nore," I answered, "and find out what
you are. Would you be gh/1 to see me
in my proper person?"
"Yes," she replied, "I should like to
"And 1 would give a great deal to see
yon, Leuore. You must be very beau
titul if your face is line your voice.
"Oh, hush!" was the agitated answer.
"It is not right to speak thus."
"Why not? Do you know, Lenore,
that if this goes on, I shall end by fall
ing in love with you, though I never
"You are very audacious," was the
reply. "If you were really horo,before
me, I should punish you for it. As it
is, I am going now."
"But you will come again to-morrow,
"If you will promise to be more iis
creet, George, yes."* -
As may be imagined, I did not fail to
keep my engagement with my invisible
friend. For many consecutive days
these strange meetings continued. As
absurd as it may seem, the voice was be
ginning to make a powerful impression
upon me. I felt in its soft toucs the
manifestation of a sweet, refined wo
True, I had make no progress towards
unraveling the mystery. Nevertheless,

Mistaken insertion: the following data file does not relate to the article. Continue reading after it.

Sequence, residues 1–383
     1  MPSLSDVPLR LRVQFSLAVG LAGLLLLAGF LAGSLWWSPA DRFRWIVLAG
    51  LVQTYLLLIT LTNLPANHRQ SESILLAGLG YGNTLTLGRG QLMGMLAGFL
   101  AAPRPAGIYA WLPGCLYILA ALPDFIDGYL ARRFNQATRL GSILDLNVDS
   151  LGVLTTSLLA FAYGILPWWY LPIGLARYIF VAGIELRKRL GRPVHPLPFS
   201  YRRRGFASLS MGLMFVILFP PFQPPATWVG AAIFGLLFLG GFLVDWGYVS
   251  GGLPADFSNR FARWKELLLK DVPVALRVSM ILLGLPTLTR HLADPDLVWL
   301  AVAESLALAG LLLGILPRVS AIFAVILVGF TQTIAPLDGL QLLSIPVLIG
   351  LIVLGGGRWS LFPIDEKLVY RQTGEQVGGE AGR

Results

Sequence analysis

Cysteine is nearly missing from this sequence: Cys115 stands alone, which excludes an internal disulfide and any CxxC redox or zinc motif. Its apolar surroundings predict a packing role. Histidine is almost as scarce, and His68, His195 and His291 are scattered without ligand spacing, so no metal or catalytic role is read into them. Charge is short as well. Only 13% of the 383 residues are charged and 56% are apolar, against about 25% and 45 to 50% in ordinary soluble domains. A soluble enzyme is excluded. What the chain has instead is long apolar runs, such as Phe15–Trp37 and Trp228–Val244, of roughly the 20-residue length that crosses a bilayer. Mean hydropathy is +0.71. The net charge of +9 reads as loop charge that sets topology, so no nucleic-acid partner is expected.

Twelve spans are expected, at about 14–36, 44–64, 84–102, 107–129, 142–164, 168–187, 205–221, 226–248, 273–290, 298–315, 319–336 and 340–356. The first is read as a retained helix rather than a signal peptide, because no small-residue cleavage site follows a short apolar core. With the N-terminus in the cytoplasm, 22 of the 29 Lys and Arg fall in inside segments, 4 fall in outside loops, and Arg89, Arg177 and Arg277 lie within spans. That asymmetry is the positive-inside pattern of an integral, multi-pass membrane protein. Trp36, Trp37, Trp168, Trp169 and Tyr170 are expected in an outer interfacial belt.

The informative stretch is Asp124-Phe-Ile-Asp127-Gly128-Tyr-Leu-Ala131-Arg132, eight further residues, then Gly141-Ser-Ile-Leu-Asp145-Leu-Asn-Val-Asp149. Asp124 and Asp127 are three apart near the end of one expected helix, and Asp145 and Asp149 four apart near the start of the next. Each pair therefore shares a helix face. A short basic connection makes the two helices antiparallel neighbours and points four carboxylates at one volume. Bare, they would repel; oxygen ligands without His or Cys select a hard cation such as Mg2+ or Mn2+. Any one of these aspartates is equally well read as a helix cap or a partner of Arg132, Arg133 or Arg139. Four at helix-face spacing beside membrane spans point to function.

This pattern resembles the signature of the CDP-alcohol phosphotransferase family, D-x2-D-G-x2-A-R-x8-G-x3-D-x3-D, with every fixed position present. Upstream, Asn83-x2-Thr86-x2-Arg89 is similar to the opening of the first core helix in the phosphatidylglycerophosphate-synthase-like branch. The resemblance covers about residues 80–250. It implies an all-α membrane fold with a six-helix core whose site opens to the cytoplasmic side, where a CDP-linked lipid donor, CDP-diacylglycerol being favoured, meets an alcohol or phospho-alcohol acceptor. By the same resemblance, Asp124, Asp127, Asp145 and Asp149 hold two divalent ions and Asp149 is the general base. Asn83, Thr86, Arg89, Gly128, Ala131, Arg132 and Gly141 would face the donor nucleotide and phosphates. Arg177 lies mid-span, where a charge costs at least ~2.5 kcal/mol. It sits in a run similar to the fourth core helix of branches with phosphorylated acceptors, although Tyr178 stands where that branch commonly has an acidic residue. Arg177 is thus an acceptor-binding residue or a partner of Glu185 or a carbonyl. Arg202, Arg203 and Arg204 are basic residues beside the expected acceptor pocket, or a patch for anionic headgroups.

1 was confident that through some in
explicable dispensation of Providence 1
had been permitted to hold communion
with a real, liviug woman, from an un
known distance. She ha i net yet told
me more than her first name, and I did
not press her for more as yet. Her only
answer to my question as to where she
was, was "In the garden." She did not
seem capable of grasping the fact that I
was not invisibly near her. She seemed
content with matters as they stood, and
for the present I could do no more.
I made no one my confidant as to my
daily occupation: first, because I knew
that I should be regarded as a madman
upon my mere statement of the facts,
and, next because I shrank from having
an auditor at my mysterous conferences.
Will it be believed? I was in love with
the invisible girl—in love with the
.voice! Absurd, of course, but lam not
the first man who has fallen in love with
a woman's voice. Besides I was confi
dent that it was only a matter of time
before I should see tne girl in person.
One day, towards the end of summer,
we had been talking, as usual,and I had
said: "My stay in Italy is nearly over,
"Ah," was the quick reply, "you will
leave me, George."